Document Type



Doctor of Education


Educational Practice

Date of Defense


Graduate Advisor

Dr. Matthew Davis, Ph.D


Dr. Thomassina Hassler, Ph.D

Dr. Timothy Makubuya, Ph.D

Dr. Carl Hoagland, Ph.D


In Missouri, the Missouri School Improvement Plan, generation 5 (MSIP-5) attempts to boil down assessment, attendance, college and career readiness, and graduation rates into a single score (out of 100). Within MSIP-5, Black and Hispanic students are lumped into a super subgroup with English language learners, students in poverty, and students with disabilities. The aggregate of test scores for all in these groups provide the indicators for school success.

There are two concerns. First, the indicator for subgroup achievement is worth only one-fourth of the points that overall student achievement. In addition, while the highest levels of achievement require the same test scores to obtain, lower levels have lower achievement requirements for the super subgroup in comparison to overall student achievement. The system therefore gives two reasons to value the achievement of White majorities over that of the super subgroup.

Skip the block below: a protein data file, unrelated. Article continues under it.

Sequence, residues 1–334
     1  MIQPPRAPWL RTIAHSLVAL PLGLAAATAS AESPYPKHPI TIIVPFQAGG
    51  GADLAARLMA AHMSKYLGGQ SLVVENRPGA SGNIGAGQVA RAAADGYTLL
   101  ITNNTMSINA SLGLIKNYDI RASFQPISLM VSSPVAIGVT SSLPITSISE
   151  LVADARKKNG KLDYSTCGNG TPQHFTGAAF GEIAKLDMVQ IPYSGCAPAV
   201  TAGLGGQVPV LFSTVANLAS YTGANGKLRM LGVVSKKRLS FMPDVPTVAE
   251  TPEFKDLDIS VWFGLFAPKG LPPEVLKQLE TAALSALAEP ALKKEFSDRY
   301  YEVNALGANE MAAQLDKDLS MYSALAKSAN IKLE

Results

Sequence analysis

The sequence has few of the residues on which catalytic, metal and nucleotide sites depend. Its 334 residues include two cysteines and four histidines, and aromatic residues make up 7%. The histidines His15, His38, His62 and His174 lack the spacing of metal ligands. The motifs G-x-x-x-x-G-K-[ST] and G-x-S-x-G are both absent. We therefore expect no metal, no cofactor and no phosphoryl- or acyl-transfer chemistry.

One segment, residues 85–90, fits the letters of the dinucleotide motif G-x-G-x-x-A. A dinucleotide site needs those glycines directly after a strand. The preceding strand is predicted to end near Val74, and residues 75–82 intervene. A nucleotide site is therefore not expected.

Using testing data made public by the Missouri Department of Elementary and Secondary Education (DESE), this study looked at the achievement gaps of Black and Hispanic students compared to White students over a two-year period. Changes in gaps were analyzed for two separate student cohorts (2015/2016 – 2016/2017) for all 8th grade tested subjects to develop a status composite of improvement; and changes in gaps were also analyzed for the same student cohort as they tested in 7th and then 8th grade in English and Math to develop a growth composite of improvement.

The findings from this study demonstrate a lack of transparency in available data, as many schools involved with the study had to be eliminated due to either a lack of reported assessment data or, in the case of eleven schools, an APR score altogether. The findings from this study also suggest that while many schools have success in closing gaps, there is little connection between how well Black and Hispanic students achieve in relation to White students, and the overall APR rating that schools receive. This insignificance raises the need for further research, but also a reexamination of the priorities being set by the school accountability system of Missouri.